To use the service you need to:

**Identify the area to be detected by typing the address or coordinates;****Choose from the drop down menu the number of points to detect: the larger is this value, the more accurate the survey will be;****Change the zoom and move the displayed area in order to identify the portion of the surface on which to perform the survey: the maximum detectable size is about 1600 hectares;****Click on "survey" to perform processing.**After the process, you will see a grid above for each vertex the elevation in meters. You can then extract the DEM and satellite maps clicking on the appropriate buttons.

N.B.: **The accuracy of the altimetric data varies from 3 arc-seconds (1 point every 90 meters) to 1/3 arc-second (1 point for every 10 meters), up to 1/9 arc-seconds (1 point every 3 meters) in the U.S. and in many urban areas.** The service, made available from Google Maps and Google Earth, comes from the Shuttle Radar Topography Mission (SRTM) project (http://www2.jpl.nasa.gov/srtm/), U.S. Geological Survey (USGS) (http://www.usgs.gov/) and others cartographic service. By performing surveys on some sample areas (according to studies in Italy and Nigeria) it's showed a average error about altimetric data of 2,5 meters.. The mapping with satellite maps is always relative to the Google Maps service.

The research study was conducted in a greenhouse at western region of Abu Dhabi UAE to check the operational reliability, efficiency, dependability and harmony of the existing drip irrigation system through IrriPro, our irrigation design software.

IRRIPRO was used in order to design and plan viable drip irrigation systems. This software is proficient enough in planning network layout, hydraulic designing and above all simulations to obtain results. This software can also provide requisite cost estimation of drip irrigation.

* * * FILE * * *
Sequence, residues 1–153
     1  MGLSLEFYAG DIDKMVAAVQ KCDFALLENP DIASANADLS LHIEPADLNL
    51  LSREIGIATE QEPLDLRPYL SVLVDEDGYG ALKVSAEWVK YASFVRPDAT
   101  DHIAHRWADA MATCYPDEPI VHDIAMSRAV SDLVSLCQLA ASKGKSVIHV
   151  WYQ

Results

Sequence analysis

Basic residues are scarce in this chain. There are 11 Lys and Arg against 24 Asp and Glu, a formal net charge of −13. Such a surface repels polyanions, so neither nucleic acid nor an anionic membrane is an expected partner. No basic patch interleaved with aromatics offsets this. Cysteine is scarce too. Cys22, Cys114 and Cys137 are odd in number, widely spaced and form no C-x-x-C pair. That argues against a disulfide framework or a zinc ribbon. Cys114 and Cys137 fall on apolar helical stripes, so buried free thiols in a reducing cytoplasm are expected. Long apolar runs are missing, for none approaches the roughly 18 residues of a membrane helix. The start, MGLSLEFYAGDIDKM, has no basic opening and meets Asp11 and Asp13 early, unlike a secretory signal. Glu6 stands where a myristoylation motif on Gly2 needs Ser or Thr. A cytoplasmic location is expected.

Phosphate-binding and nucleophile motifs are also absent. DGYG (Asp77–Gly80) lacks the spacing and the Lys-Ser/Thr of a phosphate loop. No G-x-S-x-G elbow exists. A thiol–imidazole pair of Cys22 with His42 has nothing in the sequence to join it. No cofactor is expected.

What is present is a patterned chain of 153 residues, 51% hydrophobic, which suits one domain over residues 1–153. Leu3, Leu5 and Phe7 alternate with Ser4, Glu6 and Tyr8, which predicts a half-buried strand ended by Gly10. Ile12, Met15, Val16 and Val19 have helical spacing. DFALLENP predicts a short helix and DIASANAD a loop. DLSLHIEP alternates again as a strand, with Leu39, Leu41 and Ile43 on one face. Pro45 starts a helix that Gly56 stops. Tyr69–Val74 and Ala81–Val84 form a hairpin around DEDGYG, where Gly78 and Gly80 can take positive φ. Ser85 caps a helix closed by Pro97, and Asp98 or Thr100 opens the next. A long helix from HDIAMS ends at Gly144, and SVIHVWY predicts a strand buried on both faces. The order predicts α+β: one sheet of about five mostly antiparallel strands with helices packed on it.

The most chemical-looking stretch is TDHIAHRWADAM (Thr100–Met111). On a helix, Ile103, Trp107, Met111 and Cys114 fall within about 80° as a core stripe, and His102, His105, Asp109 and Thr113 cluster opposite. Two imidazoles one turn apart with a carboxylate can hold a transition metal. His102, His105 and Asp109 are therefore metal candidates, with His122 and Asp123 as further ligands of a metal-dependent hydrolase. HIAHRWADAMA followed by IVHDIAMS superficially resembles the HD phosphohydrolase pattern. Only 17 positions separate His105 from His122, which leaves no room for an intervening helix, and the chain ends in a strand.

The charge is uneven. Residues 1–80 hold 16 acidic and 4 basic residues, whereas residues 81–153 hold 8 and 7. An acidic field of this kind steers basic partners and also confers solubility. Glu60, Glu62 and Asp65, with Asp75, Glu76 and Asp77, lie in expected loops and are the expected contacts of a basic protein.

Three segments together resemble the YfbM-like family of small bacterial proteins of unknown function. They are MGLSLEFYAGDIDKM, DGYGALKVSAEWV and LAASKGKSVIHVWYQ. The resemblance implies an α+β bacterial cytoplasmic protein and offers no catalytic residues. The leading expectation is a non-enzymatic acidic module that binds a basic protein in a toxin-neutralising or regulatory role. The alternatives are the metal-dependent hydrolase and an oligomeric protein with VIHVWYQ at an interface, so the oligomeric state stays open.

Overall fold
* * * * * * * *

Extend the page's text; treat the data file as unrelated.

Hydraulic estimation of drip irrigation system was based on a method defined by the ASAE (1999). Three emitters on a lateral were selected at the head, midpoint and tail-end and discharges were measured on them.

IRRIPRO has the diverse quality to calculate and design many other hydraulic parameters. It is a helping tool for water resource engineers in designing, testing, analyzing any other alternative design on precision and economical parameters.

The comparative study revealed that the drip irrigation achieved high CU and DU which imply that the existing drip irrigation system was designed on the basis of proper scaling and dimensions. The CU on average basis for the system was found to be 96.4990% (observed) and 99.9796% (simulated) respectively. Similarly, the DU on average basis for the system was found to be 94.3605% (observed) and 99.8822% (simulated) respectively. EUa of the system using pressure compensated type emitters with the length of laterals 16 meters with an average observed and simulated value was found 99.2192% and 99.99316% respectively.

The comparison of experimental and simulated results confirms that the application uniformity seems to be satisfactory and the existing drip irrigation unit was designed properly. The design of the existing drip irrigation network was checked by the interactive computer software i.e. IRRIPRO which was found acceptable. The uncertainty in results was found less than 10% which indicates its accuracy. IRRIPRO software also predicts that the ideal pressure for existing drip irrigation was 13.353 m c.a (1.29 atm) which gives 3.655 lit / hr flow rate for all emitters. As IRRIPRO is providing the ideal results for the existing drip irrigation system it will be more as compared to the field results. This software could also be used to calculate the annual costs of any system even if it is not designed by IRRIPRO.

IJR (International Journal of Research IF 3,541) published the research paper named "ANALYSIS OF TRICKLE / DRIP IRRIGATION UNIFORMITY BY IRRIPRO SIMULATIONS"

Irriworks software was used (in collaboration with the Agrarian Faculty of the University of Palermo, measure 3.13 of POR Sicily PIT7) for an irrigation system at the farm called "Licata" in the City of Bompensiere (CL). The plant is costitued by 180 pressure compensated drip emitters, is located on a plot of about 0.6 ha, with slopes from 10% to 18%, and is planted with olive trees.

There are some differences between estimated values (simulated with the IrriPro software) and afield measured ones: no more than 9% for pressure and 6% for the discharge. The error is mainly due to constructive aspect of the emitter during factory production.

**Estimated-measured pressure chart**

For the same reason, the uniformity coefficient was equal to 94%, as assessed by IrriPro, compared to 91% measured in the field.